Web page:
Lloyds profits fall less than expected as revenue from rising interest rates boosts bank

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Profits at Lloyds Banking Group fell less than expected in the first quarter, as revenue from rising interest rates and continued mortgage growth offset extra provisions taken to account for the impact of surging inflation on the economy.

Pre-tax profit fell 14 per cent to £1.6bn in the first three months of 2022, beating analysts’ expectations for £1.4bn, the UK lender said on Wednesday. Revenue increased 12 per cent to £4.1bn, above consensus estimates of £4bn.

However, Lloyds was forced to add £177mn to its reserves, partially to protect against potential loan losses due to inflationary pressures. This was a swing from a year earlier, when it cancelled £360mn as the economic situation brightened after the initial stages of the pandemic.

“Whilst we are seeing continued recovery from the coronavirus pandemic, the outlook for the UK economy remains uncertain, particularly with regards to the persistency and impact of higher inflation,” said chief executive Charlie Nunn, adding that the bank was proactively contacting customers it felt might need assistance.

Shares rose as much as 2.5 per cent in morning trading on Wednesday. The stock had risen more than 20 per cent in the year to February, but the Russian invasion of Ukraine erased much of that gain.

As one of the nation’s largest high street lenders, Lloyds is a bellwether for the British economy. The results reflect the growing storm clouds as higher food and energy prices have slowed consumer sales and business activity, in part due to the war in Ukraine.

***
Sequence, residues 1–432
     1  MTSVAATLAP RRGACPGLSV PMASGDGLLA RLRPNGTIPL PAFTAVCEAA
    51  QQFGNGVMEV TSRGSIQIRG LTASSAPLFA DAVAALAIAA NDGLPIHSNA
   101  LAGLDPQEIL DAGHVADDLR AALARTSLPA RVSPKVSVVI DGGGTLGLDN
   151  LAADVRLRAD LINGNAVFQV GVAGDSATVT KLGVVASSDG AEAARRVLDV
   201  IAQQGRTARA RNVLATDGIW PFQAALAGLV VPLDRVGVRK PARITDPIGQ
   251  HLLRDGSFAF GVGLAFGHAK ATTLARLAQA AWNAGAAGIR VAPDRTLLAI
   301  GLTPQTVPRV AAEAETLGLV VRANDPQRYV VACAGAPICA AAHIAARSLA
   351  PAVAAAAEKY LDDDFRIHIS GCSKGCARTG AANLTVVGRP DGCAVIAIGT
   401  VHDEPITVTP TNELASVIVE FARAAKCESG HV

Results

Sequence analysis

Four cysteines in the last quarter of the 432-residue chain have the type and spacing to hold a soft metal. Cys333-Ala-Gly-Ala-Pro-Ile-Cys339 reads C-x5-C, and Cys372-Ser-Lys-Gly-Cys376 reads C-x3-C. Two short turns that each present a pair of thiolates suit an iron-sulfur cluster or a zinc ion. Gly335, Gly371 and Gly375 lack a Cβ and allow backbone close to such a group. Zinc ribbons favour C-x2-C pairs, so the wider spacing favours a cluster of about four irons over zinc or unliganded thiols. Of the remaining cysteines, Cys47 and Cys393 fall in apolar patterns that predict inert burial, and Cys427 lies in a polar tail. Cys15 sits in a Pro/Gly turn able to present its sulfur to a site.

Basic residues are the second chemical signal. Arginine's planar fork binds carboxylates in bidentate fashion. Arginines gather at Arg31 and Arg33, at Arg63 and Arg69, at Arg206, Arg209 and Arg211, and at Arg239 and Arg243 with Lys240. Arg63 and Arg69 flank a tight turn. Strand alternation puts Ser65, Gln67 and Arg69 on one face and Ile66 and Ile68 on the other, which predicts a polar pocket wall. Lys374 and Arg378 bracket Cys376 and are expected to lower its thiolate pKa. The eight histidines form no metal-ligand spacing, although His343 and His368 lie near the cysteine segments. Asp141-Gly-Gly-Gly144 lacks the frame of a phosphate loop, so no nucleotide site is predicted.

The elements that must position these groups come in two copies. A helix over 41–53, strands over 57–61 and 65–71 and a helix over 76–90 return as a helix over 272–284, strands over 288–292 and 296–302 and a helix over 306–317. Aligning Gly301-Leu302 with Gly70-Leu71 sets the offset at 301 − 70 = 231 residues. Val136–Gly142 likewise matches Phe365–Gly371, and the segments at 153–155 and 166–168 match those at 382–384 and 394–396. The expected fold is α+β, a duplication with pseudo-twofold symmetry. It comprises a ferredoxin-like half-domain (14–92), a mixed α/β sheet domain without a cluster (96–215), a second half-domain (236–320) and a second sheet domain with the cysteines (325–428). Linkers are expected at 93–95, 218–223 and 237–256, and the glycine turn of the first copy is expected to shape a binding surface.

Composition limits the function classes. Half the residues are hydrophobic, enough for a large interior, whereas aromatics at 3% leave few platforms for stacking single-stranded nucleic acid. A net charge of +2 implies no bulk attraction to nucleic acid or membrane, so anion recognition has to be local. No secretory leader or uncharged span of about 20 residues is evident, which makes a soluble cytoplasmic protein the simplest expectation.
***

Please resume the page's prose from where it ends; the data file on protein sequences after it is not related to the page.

Chief financial officer William Chalmers said 1.2mn customers had cancelled subscriptions including streaming services and gyms since the summer and expenditure on energy and food bills had increased.

However, he said that while impairments were expected to increase throughout the year, they were starting from low levels. Lenders unwound much of the provisions taken in case of Covid-related bad loans last year, boosting results.

“Overall a very strong set of numbers and constructive outlook,” said Andrew Coombs, analyst at Citigroup. “Lloyds has comfortably beat expectations and guided to higher full-year net interest margin.”

Net interest margin (NIM), the difference between the cost of its funding and the price charged for lending, is boosted by rising interest rates.

Costs increased by about 3 per cent to £2.1bn, which the bank said was primarily due to strategic investments. Nunn announced a £4bn growth strategy in February, as it seeks to expand areas including wealth management and its investment bank after years of retrenchment under former chief executive António Horta-Osório.

The bank is already the UK’s largest mortgage lender and second to Barclays in the credit card market, making it hard to expand in these areas. It predicts that the strategy, which will include a new wealth management service targeting mass affluent customers and an expansion of its investment bank’s cash, debt and risk management for corporate customers, will add revenues of £1.5bn by 2026.

These results follow a disappointing fourth quarter, weighed down by charges related to historical fraud at HBOS, now owned by Lloyds. The bank disclosed in its annual report that it had frozen the unpaid bonus and unvested share awards of Horta-Osório. He left the bank last year to become chair of Credit Suisse, only to resign after being caught breaching Covid quarantine rules.

The bank also updated its outlook for the rest of the year. Among the projections are that its NIM is now expected to be above 270 basis points, up from 260bp.

It also expects its return on tangible equity, a key measure of profitability, to be greater than 11 per cent.

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